Residents of Sioux Falls, SD, continue to top the chart as safest drivers (do they have cars there?) in the U.S., according to the fourth annual ”Allstate America’s Best Drivers Report.” The average driver in Sioux Falls experiences an auto collision every 14.6 years. (And, just how do they know that?) Compared to the national likelihood of a collision every ten years (ditto), Sioux Falls motorists are 31.6% less likely to have an accident than the national average. Holding fast to the number two spot for the third consecutive year is Fort Collins, CO. On average, motorists in Fort Collins experience a car collision every 13.4 years, One point of full disclosure: the Allstate data exclude places where Allstate does not offer insurance products, such as the entire state of Massachusetts, Coral Springs and Pembroke Pines.


Center for Retirement Research at Boston College announces a new book entitled Working Longer: The Solution to the Retirement Income Challenge. Among the book’s key findings are

  • Americans need to work longer due to a contracting retirement income system, longer life spans and rising health care costs.
  • Working longer does not mean working forever (gee, thanks) -- the goal should be to move the average retirement age from 63 to 66.
  • Working longer improves retirement security by: (1) boosting monthly Social Security benefits; (2) allowing workers to build up larger 401(k) balances; and (3) reducing the period over which households must rely on their retirement assets.
  • Most people will be healthy enough to work until at least 66.

This book reminds us about the business consultant who contracted with a merchant to provide advice on how he could obtain higher gross sales. The store owner agreed to pay the consultant $10,000 for that advice. As soon as the ink on the contract was dry, the consultant gave him the one-line solution: “Raise your prices. That’ll be $10,000, thank you.”


A Russian woman killed her drunken husband with a folding couch, according to Reuters. The man’s wife, upset with her husband for being drunk and refusing to get up, kicked a handle after an argument, activating a mechanism that folds the couch up against the wall. The couch, which doubles as a bed, folds up automatically in order to save space. The man fell between the mattress and back of the couch. The woman then walked out of the room and returned three hours later to check on what she thought was an unusually quiet sleeping husband. Emergency workers sawed away side panels to remove the man, who was in his underwear lying headfirst between the cushions. Emergency workers said the man died instantly. Sofa, so good.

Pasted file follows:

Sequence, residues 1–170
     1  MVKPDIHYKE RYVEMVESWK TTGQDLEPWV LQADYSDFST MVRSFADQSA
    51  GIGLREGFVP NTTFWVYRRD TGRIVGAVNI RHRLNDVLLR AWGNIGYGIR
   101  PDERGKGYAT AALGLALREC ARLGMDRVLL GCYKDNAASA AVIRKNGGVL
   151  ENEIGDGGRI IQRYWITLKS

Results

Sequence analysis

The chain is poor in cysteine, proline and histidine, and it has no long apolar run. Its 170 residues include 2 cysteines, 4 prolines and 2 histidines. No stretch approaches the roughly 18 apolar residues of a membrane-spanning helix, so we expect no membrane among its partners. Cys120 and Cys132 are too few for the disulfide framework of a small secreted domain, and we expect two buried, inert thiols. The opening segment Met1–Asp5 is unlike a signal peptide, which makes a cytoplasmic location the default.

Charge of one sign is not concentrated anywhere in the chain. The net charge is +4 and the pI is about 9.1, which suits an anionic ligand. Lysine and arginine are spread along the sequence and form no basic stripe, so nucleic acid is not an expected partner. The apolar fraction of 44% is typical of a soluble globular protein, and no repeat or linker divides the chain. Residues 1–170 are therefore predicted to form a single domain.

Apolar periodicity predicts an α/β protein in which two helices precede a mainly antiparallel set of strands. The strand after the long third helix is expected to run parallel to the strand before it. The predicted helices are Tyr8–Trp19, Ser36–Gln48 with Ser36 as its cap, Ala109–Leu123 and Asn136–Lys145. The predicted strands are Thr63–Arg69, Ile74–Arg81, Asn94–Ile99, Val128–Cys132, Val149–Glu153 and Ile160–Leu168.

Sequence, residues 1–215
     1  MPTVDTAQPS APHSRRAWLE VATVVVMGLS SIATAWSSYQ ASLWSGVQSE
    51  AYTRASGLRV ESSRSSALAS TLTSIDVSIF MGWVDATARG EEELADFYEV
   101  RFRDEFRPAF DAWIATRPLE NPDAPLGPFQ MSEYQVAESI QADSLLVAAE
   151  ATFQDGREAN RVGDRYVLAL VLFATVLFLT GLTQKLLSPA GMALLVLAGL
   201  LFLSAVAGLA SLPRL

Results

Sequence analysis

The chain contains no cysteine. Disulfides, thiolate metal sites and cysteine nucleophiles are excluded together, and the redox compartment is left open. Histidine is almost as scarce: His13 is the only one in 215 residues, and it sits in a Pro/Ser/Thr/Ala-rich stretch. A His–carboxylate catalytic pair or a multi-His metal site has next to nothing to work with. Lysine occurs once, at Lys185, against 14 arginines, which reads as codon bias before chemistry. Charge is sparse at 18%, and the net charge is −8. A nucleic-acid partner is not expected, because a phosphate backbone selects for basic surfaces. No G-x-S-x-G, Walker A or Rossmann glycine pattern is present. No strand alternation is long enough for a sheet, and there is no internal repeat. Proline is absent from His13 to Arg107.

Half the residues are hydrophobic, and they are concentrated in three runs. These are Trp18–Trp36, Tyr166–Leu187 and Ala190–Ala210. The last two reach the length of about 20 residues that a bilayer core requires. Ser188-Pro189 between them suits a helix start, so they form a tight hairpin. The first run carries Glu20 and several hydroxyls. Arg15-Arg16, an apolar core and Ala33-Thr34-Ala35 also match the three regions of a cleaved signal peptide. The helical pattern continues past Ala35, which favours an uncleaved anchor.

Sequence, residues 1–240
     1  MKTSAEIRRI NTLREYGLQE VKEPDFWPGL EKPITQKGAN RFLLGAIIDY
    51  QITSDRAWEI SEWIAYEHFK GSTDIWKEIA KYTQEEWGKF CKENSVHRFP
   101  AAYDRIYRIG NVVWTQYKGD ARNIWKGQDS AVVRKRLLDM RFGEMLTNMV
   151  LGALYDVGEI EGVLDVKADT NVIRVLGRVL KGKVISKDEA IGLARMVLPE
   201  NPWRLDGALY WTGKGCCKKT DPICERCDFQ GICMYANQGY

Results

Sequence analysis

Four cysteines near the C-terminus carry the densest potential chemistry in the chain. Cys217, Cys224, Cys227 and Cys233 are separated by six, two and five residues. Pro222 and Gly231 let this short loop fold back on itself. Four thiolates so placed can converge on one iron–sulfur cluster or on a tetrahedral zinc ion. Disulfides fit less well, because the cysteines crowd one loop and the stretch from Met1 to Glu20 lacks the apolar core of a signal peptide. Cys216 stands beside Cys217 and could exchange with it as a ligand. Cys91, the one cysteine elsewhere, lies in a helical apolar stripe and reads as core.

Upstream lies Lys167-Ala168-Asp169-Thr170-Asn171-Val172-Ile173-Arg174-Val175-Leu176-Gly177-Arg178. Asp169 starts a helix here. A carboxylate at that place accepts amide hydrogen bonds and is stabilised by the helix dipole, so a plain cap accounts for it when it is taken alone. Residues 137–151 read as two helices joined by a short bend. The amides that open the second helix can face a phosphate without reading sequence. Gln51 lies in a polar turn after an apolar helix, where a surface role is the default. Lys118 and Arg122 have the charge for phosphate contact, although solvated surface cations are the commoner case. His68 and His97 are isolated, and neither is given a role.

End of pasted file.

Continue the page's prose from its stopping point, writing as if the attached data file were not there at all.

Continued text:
Old Spice has announced results of its Seventh Annual Top-100 Sweatiest Cities List, finding Phoenix number 1 -- for the fifth year in a row. Las Vegas came in second. (And they say you don’t feel “dry heat.”) Florida can “boast” four in the top ten: Tallahassee (3), Miami (6), Tampa (8) and Fort Myers (10). The least sweaty? San Francisco, of course. “Old Spice means quality,” said the Captain to the Boatswain... .


A chicken crossing the road: poultry in motion.


“There comes a time in the affairs of man when he must take the bull by the tail and face the situation.” W.C. Fields

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Items in this Newsletter may be excerpts or summaries of original or secondary source material, and may have been reorganized for clarity and brevity. This Newsletter is general in nature and is not intended to provide specific legal or other advice.